It was a sad moment for many Republicans during the 2008 presidential contest when Arizona Sen. John McCain refused to let his staff use the fiery left-wing sermons of the Rev. Jeremiah Wright against Illinois Sen. Barack Obama. Yoking Obama to his Chicago pastor's unforgiving views on American imperialism and racism was so tempting that four years later, a Republican strategist came up with a plan to use the material against Obama “to do exactly what John McCain would not let us do.”  The plan, criticized as blatantly racist, was scuttled and the strategist later apologized.
March 16, 2008 | Johanna Neuman, Times Staff Writer
Illinois Sen. Barack Obama on Saturday lamented the rhetorical skirmishes that have recently turned the Democratic presidential campaign into a contest over race and gender. "The forces of division have started to raise their ugly heads again," he said at a town hall meeting at a high school in Plainfield, Ind. Obama did not name his rival, New York Sen. Hillary Rodham Clinton, or mention the recent string of barbs traded between the two campaigns.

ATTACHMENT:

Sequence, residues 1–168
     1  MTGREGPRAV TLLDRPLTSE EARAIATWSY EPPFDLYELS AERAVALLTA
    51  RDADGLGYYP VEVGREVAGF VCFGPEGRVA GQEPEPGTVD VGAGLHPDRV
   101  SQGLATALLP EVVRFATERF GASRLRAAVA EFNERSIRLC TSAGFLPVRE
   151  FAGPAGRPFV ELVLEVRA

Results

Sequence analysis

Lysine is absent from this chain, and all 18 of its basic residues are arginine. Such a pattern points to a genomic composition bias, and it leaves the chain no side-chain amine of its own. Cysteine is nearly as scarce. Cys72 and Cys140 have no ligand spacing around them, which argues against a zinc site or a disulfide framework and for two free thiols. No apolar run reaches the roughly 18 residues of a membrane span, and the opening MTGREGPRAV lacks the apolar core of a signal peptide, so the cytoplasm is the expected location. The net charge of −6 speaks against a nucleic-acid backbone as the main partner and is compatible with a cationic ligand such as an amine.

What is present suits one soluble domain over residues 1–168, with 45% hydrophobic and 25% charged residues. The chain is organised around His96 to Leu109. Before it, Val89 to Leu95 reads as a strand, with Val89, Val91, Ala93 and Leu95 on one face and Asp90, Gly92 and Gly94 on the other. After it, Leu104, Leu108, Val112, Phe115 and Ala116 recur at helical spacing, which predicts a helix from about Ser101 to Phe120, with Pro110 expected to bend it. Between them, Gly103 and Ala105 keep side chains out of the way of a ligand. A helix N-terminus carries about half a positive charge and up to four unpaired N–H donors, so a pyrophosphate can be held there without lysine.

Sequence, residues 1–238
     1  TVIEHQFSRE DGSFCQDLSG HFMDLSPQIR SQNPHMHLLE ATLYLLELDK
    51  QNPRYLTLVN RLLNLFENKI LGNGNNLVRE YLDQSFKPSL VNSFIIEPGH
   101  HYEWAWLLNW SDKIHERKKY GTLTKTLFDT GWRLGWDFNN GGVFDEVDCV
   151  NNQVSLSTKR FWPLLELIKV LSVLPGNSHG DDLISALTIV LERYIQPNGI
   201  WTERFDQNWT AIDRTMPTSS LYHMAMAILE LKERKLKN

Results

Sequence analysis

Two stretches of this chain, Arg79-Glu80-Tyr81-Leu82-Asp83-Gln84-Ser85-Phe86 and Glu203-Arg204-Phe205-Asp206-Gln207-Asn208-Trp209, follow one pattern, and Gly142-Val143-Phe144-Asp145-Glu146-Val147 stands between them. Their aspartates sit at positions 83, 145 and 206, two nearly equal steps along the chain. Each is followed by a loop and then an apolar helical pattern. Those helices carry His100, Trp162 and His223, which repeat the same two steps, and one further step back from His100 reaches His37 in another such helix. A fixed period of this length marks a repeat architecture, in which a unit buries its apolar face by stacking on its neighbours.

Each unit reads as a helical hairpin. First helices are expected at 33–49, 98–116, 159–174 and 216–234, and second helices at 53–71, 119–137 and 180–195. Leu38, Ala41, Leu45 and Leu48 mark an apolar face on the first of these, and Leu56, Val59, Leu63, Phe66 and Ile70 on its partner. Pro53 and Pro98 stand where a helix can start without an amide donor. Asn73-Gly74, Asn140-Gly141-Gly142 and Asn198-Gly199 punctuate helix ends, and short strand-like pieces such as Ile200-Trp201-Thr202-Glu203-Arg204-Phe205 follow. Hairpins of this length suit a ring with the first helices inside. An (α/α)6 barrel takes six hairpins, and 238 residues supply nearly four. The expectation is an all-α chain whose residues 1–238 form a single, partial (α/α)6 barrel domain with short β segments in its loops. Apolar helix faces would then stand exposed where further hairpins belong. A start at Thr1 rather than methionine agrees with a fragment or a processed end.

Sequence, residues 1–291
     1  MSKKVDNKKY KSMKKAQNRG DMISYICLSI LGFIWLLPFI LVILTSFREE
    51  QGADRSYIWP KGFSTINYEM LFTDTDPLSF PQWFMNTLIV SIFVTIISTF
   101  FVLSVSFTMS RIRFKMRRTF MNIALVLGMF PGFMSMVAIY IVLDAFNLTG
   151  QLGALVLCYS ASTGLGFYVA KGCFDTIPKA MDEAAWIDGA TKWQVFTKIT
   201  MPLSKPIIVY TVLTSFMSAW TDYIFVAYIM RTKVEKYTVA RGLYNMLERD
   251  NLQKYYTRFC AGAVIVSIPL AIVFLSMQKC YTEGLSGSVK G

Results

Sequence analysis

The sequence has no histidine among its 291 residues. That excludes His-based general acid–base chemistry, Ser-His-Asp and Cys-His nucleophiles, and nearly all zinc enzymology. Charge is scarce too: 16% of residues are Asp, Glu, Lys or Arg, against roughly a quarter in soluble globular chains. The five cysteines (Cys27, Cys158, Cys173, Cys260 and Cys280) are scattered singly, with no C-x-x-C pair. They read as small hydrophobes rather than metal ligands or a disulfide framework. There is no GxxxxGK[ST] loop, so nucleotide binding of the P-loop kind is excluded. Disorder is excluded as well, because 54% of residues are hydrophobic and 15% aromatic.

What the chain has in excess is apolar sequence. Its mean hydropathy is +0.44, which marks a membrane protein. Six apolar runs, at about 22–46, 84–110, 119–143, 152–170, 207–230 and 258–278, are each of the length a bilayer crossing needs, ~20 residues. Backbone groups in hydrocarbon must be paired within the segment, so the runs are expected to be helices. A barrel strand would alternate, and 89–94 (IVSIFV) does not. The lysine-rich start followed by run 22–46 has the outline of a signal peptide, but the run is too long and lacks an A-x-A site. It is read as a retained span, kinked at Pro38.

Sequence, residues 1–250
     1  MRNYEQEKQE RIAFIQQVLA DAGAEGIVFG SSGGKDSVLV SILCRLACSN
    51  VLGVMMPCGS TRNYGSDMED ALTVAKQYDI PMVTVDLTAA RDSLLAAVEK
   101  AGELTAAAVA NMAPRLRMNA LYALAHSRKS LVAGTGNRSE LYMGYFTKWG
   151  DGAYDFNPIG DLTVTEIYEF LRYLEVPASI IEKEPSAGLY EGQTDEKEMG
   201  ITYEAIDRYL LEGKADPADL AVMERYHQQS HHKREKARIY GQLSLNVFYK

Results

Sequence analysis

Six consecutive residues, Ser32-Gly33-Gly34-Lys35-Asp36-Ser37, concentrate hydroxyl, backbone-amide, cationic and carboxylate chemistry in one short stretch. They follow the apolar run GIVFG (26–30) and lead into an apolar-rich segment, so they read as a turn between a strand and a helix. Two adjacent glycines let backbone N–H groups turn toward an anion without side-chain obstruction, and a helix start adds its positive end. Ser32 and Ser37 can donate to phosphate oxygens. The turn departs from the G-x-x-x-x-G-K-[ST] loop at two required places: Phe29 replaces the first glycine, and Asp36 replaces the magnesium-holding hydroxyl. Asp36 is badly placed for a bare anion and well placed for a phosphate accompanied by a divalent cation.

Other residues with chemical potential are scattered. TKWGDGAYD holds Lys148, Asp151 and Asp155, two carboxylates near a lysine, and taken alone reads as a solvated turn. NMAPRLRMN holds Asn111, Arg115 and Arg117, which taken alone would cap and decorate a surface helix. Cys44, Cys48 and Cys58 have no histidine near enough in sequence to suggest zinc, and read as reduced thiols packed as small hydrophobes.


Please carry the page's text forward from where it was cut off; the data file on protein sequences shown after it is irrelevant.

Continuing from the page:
March 7, 2010 | By Andrew Malcolm
One of the overlooked details of the forever-fight over the widely-debated conservative leanings of the Fox News Channel (besides that a third of its viewers are Democrats) is that it was Fox that broke the then-shocking story in 2000 of candidate George W. Bush's 24-year-old DUI charges. Why, you wonder, would an old Maine story matter, regardless of the source? The breaking story of Bush's unrevealed 1976 DUI charges in Maine came just four days before the 2000 election. The Bush-Cheney ticket was tied then in national polls with the Democrats' Gore-Lieberman ticket and was, in fact, ahead in Maine.
June 23, 2012 | By Mitchell Landsberg